Blastic Plasmacytoid Dendritic Cell Neoplasm: Progress in Cell Origin, Molecular Biology, Diagnostic Criteria and Therapeutic Approaches.
Blastic plasmacytoid dendritic cell neoplasm (BPDCN) is a rare hematological malignancy characterized by recurrent skin nodules, an aggressive clinical course with rapid involvement of hematological organs, and a poor prognosis with poor overall survival. BPDCN is derived from plasmacytoid dendritic cells (pDCs) and its pathogenesis is unclear. The tumor cells show aberrant expression of CD4, CD56, interleukin-3 receptor alpha chain (CD123), blood dendritic cell antigen 2 (BDCA 2/CD303), blood dendritic cell antigen 4 (BDCA4) and transcription factor (E protein) E2-2 (TCF4). The best treatment drugs are based on experience by adopting those used for either leukemia or lymphoma. Relapse with drug resistance generally occurs quickly. Stem cell transplantation after the first complete remission is recommended and tagraxofusp is the first targeted therapy. In this review, we summarize the differentiation of BPDCN from its cell origin, its connection with normal pDCs, clinical characteristics, genetic mutations and advances in treatment of BPDCN. This review provides insights into the mechanisms of and new therapeutic approaches for BPDCN.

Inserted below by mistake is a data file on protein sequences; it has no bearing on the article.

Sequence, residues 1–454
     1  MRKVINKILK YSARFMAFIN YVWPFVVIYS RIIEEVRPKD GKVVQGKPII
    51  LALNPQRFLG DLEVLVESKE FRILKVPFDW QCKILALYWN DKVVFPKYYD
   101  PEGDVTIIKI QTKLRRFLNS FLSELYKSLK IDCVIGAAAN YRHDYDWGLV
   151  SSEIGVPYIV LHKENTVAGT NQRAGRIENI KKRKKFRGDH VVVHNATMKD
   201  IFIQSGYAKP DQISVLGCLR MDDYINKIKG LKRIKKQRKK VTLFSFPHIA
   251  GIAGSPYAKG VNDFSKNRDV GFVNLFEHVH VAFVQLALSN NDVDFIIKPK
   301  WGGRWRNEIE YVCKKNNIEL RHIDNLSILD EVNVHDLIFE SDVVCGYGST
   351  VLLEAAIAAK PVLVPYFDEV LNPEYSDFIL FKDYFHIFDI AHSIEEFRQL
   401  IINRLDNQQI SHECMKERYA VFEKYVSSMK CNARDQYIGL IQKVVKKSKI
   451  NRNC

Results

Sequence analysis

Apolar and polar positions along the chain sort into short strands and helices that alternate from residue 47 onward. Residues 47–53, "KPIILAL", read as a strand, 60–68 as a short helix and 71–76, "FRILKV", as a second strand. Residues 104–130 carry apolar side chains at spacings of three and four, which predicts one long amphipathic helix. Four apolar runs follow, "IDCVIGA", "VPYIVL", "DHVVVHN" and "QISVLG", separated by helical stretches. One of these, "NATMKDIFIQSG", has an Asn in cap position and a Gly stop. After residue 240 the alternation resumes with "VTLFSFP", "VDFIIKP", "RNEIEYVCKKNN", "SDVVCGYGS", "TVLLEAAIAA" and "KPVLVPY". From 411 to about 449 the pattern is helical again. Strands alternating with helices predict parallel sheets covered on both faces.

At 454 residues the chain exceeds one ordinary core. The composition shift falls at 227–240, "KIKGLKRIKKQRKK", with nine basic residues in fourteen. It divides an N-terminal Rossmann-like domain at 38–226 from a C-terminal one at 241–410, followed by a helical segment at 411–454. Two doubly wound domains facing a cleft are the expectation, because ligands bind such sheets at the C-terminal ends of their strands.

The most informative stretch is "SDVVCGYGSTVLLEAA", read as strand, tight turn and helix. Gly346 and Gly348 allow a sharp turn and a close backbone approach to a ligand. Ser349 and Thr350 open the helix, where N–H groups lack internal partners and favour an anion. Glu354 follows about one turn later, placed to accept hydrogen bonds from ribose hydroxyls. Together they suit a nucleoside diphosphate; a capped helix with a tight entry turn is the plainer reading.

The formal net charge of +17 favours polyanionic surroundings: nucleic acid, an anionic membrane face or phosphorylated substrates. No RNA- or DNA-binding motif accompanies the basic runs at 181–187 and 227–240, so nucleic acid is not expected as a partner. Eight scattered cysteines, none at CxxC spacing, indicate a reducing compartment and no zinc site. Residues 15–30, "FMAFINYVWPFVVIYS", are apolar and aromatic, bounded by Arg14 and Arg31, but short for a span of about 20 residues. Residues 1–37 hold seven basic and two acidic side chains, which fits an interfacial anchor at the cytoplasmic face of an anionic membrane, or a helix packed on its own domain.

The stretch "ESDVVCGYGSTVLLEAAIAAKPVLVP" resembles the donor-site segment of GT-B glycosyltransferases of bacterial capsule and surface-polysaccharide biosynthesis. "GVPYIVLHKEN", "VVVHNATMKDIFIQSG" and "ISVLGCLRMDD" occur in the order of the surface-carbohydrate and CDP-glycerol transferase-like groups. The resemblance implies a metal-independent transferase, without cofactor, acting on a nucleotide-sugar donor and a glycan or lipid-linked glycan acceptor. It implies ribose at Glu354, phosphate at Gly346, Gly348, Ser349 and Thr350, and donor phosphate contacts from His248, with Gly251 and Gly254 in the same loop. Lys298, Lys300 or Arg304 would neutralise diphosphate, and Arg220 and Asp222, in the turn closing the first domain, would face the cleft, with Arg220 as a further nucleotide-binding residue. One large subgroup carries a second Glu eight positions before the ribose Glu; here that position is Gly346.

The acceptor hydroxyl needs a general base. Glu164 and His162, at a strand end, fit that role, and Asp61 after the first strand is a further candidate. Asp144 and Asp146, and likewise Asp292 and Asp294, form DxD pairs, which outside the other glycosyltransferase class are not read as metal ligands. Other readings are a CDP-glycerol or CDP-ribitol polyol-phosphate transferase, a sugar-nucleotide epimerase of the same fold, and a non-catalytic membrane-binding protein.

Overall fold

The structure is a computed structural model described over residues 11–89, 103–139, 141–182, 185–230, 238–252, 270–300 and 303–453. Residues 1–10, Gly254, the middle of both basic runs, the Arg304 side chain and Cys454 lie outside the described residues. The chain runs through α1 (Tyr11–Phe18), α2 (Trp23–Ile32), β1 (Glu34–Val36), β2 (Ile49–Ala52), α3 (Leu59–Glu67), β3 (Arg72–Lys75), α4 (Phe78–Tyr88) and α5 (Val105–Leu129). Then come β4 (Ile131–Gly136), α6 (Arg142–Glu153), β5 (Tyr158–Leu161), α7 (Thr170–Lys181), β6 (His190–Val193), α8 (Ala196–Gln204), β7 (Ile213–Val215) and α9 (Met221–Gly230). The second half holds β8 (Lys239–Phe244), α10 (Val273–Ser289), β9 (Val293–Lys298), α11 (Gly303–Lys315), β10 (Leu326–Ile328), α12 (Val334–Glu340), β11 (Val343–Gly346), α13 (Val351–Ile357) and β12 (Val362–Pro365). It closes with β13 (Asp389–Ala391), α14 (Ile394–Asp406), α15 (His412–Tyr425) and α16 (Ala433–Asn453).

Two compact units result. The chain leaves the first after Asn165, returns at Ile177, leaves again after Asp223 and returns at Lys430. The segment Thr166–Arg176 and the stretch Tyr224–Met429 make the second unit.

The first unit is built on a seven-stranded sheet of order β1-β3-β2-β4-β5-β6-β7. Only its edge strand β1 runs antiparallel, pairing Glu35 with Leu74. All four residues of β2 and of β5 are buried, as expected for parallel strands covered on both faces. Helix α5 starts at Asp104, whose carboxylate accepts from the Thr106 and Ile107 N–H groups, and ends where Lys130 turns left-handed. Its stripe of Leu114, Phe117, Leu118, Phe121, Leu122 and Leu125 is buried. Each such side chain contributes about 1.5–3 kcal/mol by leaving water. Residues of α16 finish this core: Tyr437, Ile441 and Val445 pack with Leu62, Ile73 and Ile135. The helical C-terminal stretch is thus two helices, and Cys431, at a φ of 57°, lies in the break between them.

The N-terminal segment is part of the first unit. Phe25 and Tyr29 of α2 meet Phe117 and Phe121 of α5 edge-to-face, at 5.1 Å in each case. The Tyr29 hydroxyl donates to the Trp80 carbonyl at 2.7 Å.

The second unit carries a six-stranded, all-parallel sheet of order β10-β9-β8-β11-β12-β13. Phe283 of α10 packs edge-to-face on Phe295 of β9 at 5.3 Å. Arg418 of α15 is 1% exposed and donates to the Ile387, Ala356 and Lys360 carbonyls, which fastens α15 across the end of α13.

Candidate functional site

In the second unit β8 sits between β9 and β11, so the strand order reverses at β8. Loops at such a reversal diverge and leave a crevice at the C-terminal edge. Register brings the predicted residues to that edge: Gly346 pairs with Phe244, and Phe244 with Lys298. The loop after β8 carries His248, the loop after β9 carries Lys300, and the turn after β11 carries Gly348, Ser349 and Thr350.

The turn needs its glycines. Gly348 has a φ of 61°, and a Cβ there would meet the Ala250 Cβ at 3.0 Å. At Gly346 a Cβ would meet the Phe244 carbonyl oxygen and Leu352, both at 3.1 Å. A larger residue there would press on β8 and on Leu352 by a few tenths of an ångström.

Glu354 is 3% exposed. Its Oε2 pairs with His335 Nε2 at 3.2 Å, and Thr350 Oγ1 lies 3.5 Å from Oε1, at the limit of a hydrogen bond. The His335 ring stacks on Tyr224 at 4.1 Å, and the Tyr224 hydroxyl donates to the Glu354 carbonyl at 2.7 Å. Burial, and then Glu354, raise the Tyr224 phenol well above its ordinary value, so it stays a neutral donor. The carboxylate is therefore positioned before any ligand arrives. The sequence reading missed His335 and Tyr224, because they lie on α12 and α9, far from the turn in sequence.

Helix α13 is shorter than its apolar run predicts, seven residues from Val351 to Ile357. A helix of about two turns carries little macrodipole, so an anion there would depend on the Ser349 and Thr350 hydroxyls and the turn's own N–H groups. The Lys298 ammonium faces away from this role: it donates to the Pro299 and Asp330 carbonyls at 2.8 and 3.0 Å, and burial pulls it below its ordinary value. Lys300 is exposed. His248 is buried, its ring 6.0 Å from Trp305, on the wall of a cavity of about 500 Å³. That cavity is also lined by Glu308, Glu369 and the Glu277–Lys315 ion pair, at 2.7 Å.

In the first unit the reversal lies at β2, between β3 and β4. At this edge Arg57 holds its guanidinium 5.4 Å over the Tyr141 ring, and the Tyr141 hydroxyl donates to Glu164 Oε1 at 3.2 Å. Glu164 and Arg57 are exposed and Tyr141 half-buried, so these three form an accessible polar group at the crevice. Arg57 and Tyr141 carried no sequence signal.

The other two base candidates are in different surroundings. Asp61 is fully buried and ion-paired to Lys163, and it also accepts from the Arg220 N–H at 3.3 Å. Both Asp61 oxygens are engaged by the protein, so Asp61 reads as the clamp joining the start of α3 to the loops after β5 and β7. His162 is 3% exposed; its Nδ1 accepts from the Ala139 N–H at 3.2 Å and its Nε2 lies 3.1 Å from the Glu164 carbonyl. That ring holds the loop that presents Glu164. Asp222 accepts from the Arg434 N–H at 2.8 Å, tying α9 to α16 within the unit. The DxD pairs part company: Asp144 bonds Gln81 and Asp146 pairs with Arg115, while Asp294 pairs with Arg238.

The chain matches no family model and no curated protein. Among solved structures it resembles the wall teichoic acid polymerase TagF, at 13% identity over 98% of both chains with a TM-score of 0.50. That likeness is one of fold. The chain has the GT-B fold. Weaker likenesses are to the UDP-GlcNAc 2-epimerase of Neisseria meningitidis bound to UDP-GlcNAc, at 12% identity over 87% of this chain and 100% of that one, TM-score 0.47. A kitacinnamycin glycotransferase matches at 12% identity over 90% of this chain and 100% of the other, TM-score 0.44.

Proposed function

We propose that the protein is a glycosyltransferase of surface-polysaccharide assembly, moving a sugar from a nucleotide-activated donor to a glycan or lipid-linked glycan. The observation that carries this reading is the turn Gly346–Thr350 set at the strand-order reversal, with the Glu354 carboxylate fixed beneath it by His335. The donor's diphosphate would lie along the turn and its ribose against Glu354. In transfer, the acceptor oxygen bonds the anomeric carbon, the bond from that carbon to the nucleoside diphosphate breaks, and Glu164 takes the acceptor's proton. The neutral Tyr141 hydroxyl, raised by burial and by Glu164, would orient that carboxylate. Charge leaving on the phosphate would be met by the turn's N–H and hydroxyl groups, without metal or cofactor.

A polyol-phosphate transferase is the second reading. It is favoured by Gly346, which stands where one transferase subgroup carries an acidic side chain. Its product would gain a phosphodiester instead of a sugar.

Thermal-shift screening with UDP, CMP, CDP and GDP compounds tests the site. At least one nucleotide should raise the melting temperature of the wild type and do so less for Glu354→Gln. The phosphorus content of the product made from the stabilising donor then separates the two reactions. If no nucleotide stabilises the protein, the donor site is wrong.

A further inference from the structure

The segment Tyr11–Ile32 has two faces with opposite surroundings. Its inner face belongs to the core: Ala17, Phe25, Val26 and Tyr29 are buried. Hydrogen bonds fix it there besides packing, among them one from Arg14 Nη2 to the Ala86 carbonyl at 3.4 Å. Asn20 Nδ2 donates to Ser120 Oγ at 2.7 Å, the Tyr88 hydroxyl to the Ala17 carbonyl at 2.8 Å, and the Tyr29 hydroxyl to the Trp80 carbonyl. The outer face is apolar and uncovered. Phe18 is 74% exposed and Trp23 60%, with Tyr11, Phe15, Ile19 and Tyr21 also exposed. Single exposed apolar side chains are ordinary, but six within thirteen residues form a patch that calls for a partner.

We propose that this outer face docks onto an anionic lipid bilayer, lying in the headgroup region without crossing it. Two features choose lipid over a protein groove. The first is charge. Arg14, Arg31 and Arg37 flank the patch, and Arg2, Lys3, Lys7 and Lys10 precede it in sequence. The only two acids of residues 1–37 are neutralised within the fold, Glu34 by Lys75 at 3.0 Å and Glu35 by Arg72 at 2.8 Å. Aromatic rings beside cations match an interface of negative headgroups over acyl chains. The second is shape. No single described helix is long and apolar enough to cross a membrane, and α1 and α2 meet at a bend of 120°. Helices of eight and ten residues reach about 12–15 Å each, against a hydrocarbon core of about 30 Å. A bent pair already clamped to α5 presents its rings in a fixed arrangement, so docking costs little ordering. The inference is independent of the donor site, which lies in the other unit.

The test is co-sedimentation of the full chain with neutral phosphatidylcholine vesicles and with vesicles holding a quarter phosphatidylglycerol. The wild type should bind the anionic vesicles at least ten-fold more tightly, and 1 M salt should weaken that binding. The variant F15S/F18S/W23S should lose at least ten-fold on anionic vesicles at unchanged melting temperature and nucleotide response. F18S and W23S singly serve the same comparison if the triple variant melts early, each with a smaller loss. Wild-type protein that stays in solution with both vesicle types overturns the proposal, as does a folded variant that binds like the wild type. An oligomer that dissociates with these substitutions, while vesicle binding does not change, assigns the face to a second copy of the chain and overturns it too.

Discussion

Cheng, W; Yu, T-T; Tang, A-P; He Young, K; Yu, L
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